It's a continual... I don't know, it's something that you have to keep working at because it's definitely not a solved problem just because I found some people to do stuff right now. It's like, those people aren't going to be around forever. They might not be interested in this work forever. Also, trying to make sure I manage them effectively and keep the work interesting and not a drag on them. You don't want to burn people out or... You need to manage people still. So that's something I'm learning. Even with one off contractors, you still need to manage people and try to help them be successful. Otherwise they don't like what they're doing and they don't want to work for you anymore.

Starr:
I think the reason that in the past when I tried to delegate stuff it didn't quite work out like I expected is because I kind of... When I delegated something, I kind of expected the person to be another me. I kind of expected it to be like, "Okay, now clone, go off and just do this thing. And you can do it, right? You know how to do it? I would do it fine if it was me doing it, so you can do it." But that doesn't really work out because people don't really know every single thing that you know. They don't have the same aptitudes that you have or abilities or knowledge.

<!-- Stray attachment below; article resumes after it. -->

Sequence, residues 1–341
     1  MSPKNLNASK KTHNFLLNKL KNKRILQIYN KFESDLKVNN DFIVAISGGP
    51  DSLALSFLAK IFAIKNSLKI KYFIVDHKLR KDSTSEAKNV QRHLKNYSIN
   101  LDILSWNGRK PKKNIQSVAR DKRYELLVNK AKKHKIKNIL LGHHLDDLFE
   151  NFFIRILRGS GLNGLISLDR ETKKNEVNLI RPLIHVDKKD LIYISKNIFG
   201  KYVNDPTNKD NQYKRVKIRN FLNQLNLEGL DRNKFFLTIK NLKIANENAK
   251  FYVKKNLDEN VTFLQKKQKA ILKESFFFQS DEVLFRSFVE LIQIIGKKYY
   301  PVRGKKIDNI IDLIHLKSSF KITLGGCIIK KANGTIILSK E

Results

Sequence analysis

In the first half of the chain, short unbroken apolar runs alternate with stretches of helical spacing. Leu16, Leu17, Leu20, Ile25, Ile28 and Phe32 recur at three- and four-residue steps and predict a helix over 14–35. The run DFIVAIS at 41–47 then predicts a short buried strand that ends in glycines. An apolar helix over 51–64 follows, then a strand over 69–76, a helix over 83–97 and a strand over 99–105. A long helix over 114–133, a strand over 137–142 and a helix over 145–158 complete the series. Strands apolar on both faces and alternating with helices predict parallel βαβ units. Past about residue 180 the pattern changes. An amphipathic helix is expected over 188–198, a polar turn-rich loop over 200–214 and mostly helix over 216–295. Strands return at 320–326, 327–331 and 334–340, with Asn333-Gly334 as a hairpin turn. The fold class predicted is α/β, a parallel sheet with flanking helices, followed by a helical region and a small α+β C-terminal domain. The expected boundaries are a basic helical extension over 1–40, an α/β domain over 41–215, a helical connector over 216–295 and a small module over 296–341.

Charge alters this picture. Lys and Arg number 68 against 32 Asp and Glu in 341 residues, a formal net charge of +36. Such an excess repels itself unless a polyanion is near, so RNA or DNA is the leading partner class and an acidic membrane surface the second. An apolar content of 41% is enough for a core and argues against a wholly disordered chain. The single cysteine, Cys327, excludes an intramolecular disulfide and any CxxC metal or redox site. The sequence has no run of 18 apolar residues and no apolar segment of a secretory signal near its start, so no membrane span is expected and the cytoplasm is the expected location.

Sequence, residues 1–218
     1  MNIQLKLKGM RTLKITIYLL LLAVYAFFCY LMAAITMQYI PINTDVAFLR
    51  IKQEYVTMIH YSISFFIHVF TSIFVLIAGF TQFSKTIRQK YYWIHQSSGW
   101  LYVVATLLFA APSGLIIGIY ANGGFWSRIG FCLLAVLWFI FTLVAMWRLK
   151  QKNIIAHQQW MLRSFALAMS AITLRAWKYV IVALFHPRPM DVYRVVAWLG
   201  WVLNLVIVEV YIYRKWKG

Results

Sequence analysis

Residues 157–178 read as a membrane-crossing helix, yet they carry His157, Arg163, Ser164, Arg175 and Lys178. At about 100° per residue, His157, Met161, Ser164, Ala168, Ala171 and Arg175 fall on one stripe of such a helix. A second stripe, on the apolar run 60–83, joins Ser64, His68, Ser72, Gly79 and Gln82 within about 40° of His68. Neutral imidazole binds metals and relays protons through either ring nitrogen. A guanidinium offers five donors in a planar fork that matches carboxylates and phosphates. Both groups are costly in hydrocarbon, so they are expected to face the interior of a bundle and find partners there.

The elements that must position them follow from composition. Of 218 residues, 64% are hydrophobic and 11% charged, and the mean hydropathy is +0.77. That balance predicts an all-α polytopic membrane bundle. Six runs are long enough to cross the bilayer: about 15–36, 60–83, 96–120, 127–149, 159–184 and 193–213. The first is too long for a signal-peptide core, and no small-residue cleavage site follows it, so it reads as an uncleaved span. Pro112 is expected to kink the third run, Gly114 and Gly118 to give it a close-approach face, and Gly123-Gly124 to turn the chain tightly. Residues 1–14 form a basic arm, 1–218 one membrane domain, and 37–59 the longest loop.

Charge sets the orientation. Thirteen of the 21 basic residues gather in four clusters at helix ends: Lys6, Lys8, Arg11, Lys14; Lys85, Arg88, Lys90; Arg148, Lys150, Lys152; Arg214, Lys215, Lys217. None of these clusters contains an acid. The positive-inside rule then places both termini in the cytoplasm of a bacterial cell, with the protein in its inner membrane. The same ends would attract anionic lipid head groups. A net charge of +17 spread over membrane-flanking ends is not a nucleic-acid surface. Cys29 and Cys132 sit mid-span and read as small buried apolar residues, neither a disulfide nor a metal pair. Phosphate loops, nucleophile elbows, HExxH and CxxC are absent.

Starr:
I think the thing that I've had a little bit more success with is just, yeah, just not being so general in the things that I'm delegating. Just being very specific. Like with these blog posts it's like, I'm asking you to write a blog post about something you know about. So I can find people who can do that and that's very concrete. They know what they need to do, I know what I expect from them. Versus how I used to do things, which is just sort of like, "Okay, just start working. Just write some stuff." I don't know.

Josh:
Yeah.

Ben:
Yeah, that's good. Clear expectations and directions are certainly helpful.

Starr:
Yeah. And also kind of viewing it as a good delegation... Like you're not necessarily giving work to a person, you're setting up a system to which you can give work. Because if you just give work to a person, maybe you find a good person, but eventually that person quits and you have to find the other exactly right person. So it's just stressful because you're always sort of relying on this one person and your success depends on them willingly doing what you want them to do as opposed to, "Well, I can give this. I want to delegate this. I've got this system of several people and I can give this to one of them and if it doesn't work out, I can find somebody else who can do it."

Josh: